Scores on the SATs have continued to decline in Newton County, but students here aren't alone. Not only are scores down in the state but nationally as well.
Scores for the SAT were released earlier this week, and locally the scores decreased by nine points in reading, 11 in math and 11 in writing. In Georgia, scores decreased by three points in reading, two in math and one in writing, and nationwide scores decreased by three in reading, two in math and one in writing.
A national college entrance exam used by some colleges and universities to measure critical thinking, the SAT assesses student's abilities to analyze and solve problems. Each section is scored on a scale of 200-800 with two writing sub-scores for multiple choice and essay. Generally taken by juniors and seniors, the SAT is given seven times a year, and students may take it multiple times, using the highest score to send to colleges and universities.
According to an article in the Atlanta Journal-Constitution, Georgia's 1445 average score trailed the national average of 1500, which was also down six points, and Georgia ranked 48th among the states. However, 80 percent of Georgia seniors took the test last year, compared with only 5 percent who took the test in Illinois, a top-ranked state. Georgia has the fifth highest participation rate in the U.S.
"Compared to ACT results for last year's graduating class, the same group's SAT results are not improved with the release of [this week's] figures," said Superintendent Gary Mathews. "The fact is no matter how we choose to slice and dice these result; we simply must do better at preparing our students for a post-secondary education. Indeed, a recent study reported in The Wall Street Journal points out the fact that over the next decade, nearly two?thirds of job openings will require some postsecondary education. The study insists that schools must do a better job of preparing students to graduate from college. Do I believe this and other studies are generally correct? Yes. However, imagine what schools could do if each and every parent insisted on their children being post-secondary or ‘college ready.'
"While our schools can control what they do during the school day, we need parents to help us insist on homework, academic rigor, classroom discipline and an overarching recognition of what schools are for - a preparation for the future," he said. "While we will accept no excuses on the part of educators, we are seeking parent support of the educational process at home. Kids need a place at home to do homework and insistence each evening that it be completed before all else; kids need to be challenged at school, even as we build their background knowledge; kids need to know that they do not have the right to disrupt the learning of others and that attention to the teacher is vital; and kids need to know that what they get out of school will foretell what they will get out of life. If the school and home work together, we will dramatically increase the odds that students will be post-secondary or college ready."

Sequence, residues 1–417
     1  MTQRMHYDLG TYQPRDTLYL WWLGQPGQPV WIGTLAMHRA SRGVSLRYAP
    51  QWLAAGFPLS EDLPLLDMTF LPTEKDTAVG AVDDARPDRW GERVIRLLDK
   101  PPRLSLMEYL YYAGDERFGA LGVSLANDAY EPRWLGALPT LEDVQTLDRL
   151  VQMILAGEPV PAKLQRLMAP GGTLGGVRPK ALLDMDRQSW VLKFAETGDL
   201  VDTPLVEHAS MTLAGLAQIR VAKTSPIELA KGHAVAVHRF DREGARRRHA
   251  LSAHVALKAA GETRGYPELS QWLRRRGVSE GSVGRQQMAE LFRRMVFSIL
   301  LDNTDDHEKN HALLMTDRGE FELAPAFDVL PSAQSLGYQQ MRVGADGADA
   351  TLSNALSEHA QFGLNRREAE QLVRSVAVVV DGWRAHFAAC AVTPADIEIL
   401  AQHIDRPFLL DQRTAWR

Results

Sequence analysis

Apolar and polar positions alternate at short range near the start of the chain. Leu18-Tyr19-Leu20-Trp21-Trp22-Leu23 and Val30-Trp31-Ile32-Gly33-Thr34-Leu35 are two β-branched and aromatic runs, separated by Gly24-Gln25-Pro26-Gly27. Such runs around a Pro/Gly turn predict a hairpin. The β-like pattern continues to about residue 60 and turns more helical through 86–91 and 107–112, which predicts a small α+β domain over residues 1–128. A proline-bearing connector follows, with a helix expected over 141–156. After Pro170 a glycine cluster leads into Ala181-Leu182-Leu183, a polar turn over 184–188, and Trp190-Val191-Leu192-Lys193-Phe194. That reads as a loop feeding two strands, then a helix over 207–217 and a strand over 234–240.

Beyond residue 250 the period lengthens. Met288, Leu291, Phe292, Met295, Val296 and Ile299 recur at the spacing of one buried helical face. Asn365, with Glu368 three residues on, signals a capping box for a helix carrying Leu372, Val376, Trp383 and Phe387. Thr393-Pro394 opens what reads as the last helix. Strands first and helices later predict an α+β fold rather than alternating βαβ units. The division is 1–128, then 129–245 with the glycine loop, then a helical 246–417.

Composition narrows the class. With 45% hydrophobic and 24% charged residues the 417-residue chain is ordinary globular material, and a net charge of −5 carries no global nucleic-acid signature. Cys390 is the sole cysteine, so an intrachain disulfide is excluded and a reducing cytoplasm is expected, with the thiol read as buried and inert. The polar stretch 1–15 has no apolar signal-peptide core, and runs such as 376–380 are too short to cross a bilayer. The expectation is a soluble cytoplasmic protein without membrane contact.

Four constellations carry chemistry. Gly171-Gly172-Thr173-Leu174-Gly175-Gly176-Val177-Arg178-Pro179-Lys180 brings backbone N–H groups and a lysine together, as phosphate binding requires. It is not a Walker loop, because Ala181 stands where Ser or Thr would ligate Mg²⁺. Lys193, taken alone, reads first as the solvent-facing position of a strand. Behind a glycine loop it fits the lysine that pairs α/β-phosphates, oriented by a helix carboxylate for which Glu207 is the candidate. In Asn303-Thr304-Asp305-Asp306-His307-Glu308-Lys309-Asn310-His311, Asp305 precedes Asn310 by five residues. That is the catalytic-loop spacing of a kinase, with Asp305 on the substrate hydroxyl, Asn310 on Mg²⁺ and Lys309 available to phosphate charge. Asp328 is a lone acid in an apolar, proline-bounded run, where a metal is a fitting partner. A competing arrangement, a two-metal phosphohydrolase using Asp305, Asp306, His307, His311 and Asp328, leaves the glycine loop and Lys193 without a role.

Alcovy High School
Scores at AHS dropped in all categories. Reading dropped by five points, while math and writing saw a 16 and 17-point decrease. The school's reading score is 30 points below state average, math and writing are 47 and 41 points below state average. In the last five years the SAT scores at AHS have been up and down. Starting out in 2007, the school's average score for reading was 444, which jumped up to 464 in 2009 before coming in this year at 455.
Eastside High School
Eastside's scores were below the state level in each category as well: in reading by four points, in math by 29 and in writing by seven. EHS started out in 2007 with 496 in reading, 493 in math and 478 in writing. In the last five years, EHS has scored above or at the same level as both other high schools in the county. This year scores dipped to 481 in reading, 468 in writing and 470 in math.
Newton High School
Newton High School also saw a drop in all three categories on the SATs. Reading scores dropped by 16 points, math by five and writing by 11. The school was 57 points below the state's average in reading, 61 below in math and 51 below in writing. NHS has declined steadily the last five years in reading, starting out at 478 in 2007 and dropping to 428 this year. Scores peaked in writing in 2007 at 459 and have since dropped to 422. In math, scores have declined each year, from 479 in 2007 to 426 this year.
In neighboring Rockdale County, scores at all three of their high schools have decreased as well. Heritage High School SAT reading scores decreased by 27 points, math by 14 and writing by 29, according to a press release. At Rockdale County High School, reading decreased by 12, math by 11 and writing by 15; and at Salem High School, reading went down 14 points, math 15 and writing seven.
The state's top scoring school was Gwinnett School of Mathematics, Science and Technology, according to the AJC. The average score there was 1914 (out of a possible 2400). Prior to this year, the state's highest scoring school for several years was Northview High in North Fulton County, which has an average score this year of 1751.